Kupchak C, Bustard PJ, Heshami K, Erskine J, Spanner M, England DG, Sussman BJ. Timebintopolarization conversion of ultrafast photonic qubits. Phys Rev A. 2017;96:053812. https://doi.org/10.1103/PhysRevA.96.053812.
Valivarthi R, et al.. Efficient bell state analyzer for timebin qubits with fastrecovery WSi superconducting single photon detectors. Opt Express. 2014;22(20):24497–506. https://doi.org/10.1364/OE.22.024497.
CabrejoPonce M, Spiess C, Muniz ALM, Ancsin P, Steinlechner F. Ghzpulsed source of entangled photons for reconfigurable quantum networks. Quantum Sci Technol. 2022;7(4):045022. https://doi.org/10.1088/20589565/ac86f0.
Grice WP, Beck M, Earl D, Mulkey D, Schaake J. Reconfigurable entangled photon source (conference presentation). In: Gruneisen MT, Dusek M, Alsing PM, Rarity JG, editors. Quantum technologies and quantum information science V. vol. 11167. SPIE; 2019. p. 111670. https://doi.org/10.1117/12.2536266.
Williams BP, Lukens JM, Peters NA, Qi B, Grice WP. Quantum secret sharing with polarizationentangled photon pairs. Phys Rev A. 2019;99:062311. https://doi.org/10.1103/PhysRevA.99.062311.
Agrawal P, Pati AK. Probabilistic quantum teleportation. Phys Lett A. 2002;305(1):12–7. https://doi.org/10.1016/S03759601(02)01383X.
Modławska J, Grudka A. Nonmaximally entangled states can be better for multiple linear optical teleportation. Phys Rev Lett. 2008;100:110503. https://doi.org/10.1103/PhysRevLett.100.110503.
Marcikic I, Riedmatten H, Tittel W, Scarani V, Zbinden H, Gisin N. Timebin entangled qubits for quantum communication created by femtosecond pulses. Phys Rev A. 2002;66:062308. https://doi.org/10.1103/PhysRevA.66.062308.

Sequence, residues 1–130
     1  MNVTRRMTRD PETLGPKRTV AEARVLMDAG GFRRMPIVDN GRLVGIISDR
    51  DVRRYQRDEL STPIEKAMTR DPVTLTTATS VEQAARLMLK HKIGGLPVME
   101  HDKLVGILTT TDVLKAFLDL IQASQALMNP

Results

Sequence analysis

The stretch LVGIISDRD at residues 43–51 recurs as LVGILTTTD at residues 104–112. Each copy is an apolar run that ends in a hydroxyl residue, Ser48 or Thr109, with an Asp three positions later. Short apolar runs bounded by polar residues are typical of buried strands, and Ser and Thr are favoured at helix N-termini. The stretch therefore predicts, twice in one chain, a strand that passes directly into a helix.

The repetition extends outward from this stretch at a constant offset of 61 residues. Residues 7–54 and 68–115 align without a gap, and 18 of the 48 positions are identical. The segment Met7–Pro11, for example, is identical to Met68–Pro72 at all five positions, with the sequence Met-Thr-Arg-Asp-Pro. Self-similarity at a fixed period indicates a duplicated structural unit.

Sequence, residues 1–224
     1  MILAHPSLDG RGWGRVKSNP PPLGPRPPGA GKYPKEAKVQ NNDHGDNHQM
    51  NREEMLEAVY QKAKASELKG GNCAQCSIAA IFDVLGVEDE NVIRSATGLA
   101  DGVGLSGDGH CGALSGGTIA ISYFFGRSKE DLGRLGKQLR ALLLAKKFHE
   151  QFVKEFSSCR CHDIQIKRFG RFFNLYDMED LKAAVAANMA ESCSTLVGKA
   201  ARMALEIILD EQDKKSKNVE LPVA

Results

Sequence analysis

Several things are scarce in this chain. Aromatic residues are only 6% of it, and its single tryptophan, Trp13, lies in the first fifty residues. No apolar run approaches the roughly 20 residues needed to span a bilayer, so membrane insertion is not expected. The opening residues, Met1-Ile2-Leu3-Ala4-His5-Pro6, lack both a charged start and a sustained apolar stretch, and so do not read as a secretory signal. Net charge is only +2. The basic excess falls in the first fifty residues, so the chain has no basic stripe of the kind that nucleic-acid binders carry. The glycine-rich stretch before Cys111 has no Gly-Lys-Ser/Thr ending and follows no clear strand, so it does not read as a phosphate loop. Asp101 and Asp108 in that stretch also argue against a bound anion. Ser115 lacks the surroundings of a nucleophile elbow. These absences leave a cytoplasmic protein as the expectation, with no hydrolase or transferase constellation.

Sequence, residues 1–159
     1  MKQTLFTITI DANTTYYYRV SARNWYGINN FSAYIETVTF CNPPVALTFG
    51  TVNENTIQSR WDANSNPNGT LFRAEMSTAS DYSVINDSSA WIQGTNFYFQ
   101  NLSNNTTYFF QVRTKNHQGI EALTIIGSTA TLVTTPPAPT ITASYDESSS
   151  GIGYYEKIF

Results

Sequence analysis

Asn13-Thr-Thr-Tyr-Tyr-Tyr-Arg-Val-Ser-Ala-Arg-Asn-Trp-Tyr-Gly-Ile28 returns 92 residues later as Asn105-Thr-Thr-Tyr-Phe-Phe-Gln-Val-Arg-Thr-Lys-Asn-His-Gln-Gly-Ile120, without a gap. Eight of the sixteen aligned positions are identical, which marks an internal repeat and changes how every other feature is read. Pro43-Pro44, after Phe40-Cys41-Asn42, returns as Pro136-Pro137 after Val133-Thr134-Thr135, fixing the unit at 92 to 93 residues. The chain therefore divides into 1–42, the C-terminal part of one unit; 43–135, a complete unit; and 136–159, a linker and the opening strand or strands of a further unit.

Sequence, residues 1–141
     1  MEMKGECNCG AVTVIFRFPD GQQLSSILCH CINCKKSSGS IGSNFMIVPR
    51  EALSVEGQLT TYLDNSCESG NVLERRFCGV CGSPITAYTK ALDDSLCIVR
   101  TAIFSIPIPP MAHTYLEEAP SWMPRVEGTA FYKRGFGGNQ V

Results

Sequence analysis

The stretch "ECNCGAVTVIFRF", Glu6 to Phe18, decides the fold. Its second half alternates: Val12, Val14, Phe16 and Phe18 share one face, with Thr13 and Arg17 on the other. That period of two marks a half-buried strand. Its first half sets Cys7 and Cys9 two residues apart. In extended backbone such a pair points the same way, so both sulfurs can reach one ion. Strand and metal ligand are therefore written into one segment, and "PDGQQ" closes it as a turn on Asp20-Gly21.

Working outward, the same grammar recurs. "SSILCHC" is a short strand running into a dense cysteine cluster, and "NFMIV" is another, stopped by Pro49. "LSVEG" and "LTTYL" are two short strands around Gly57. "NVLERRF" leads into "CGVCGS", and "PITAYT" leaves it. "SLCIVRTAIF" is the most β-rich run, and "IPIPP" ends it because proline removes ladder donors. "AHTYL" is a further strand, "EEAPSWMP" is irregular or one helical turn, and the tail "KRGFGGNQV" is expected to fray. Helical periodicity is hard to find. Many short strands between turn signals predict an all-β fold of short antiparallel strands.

Takesue H, Noguchi Y. Implementation of quantum state tomography for timebin entangled photon pairs. Opt Express. 2009;17(13):10976–89. https://doi.org/10.1364/OE.17.010976.
Clauser JF, Horne MA, Shimony A, Holt RA. Proposed experiment to test local hiddenvariable theories. Phys Rev Lett. 1969;23:880–4. https://doi.org/10.1103/PhysRevLett.23.880.
Kim JH, Chae JW, Jeong YC, Kim YH. Longrange distribution of highquality timebin entangled photons for quantum communication. J Korean Phys Soc. 2022;80:203–13. https://doi.org/10.1007/s40042021003425.
Zhao J, Ma C, Rüsing M, Mookherjea S. High quality entangled photon pair generation in periodically poled thinfilm lithium niobate waveguides. Phys Rev Lett. 2020;124:163603. https://doi.org/10.1103/PhysRevLett.124.163603.
SedziakKacprowicz K, Czerwinski A, Kolenderski P. Tomography of timebin quantum states using timeresolved detection. Phys Rev A. 2020;102:052420. https://doi.org/10.1103/PhysRevA.102.052420.
Fasel S, Gisin N, Ribordy G, Zbinden H. Quantum key distribution over 30 km of standard fiber using energytime entangled photon pairs: a comparison of two chromatic dispersion reduction methods. Eur Phys J D. 2004;30:143–8. https://doi.org/10.1140/epjd/e2004000808.
Joshi SK, et al.. A trusted node–free eightuser metropolitan quantum communication network. Sci Adv. 2020;6(36):0959. https://www.science.org/doi/pdf/10.1126/sciadv.aba0959. https://doi.org/10.1126/sciadv.aba0959.
Wengerowsky S, Joshi SK, Steinlechner F, Hubel H, Ursin R. An entanglementbased wavelengthmultiplexed quantum communication network. Nature. 2018;564:225–8.
Marcikic I, Riedmatten H, Tittel W, Zbinden H, Legré M, Gisin N. Distribution of timebin entangled qubits over 50 km of optical fiber. Phys Rev Lett. 2004;93:180502. https://doi.org/10.1103/PhysRevLett.93.180502.
Zhong T, Wong FNC, Restelli A, Bienfang JC. Efficient singlespatialmode periodicallypoled ktiopo4 waveguide source for highdimensional entanglementbased quantum key distribution. Opt Express. 2012;20(24):26868–77. https://doi.org/10.1364/OE.20.026868.
Zhong T, Wong FNC. Nonlocal cancellation of dispersion in franson interferometry. Phys Rev A. 2013;88:020103. https://doi.org/10.1103/PhysRevA.88.020103.
Dynes JF, et al.. Efficient entanglement distribution over 200 kilometers. Opt Express. 2009;17(14):11440–9. https://doi.org/10.1364/OE.17.011440.
Aspect A, Dalibard J, Roger G. Experimental test of Bell’s inequalities using timevarying analyzers. Phys Rev Lett. 1982;49:1804–7. https://doi.org/10.1103/PhysRevLett.49.1804.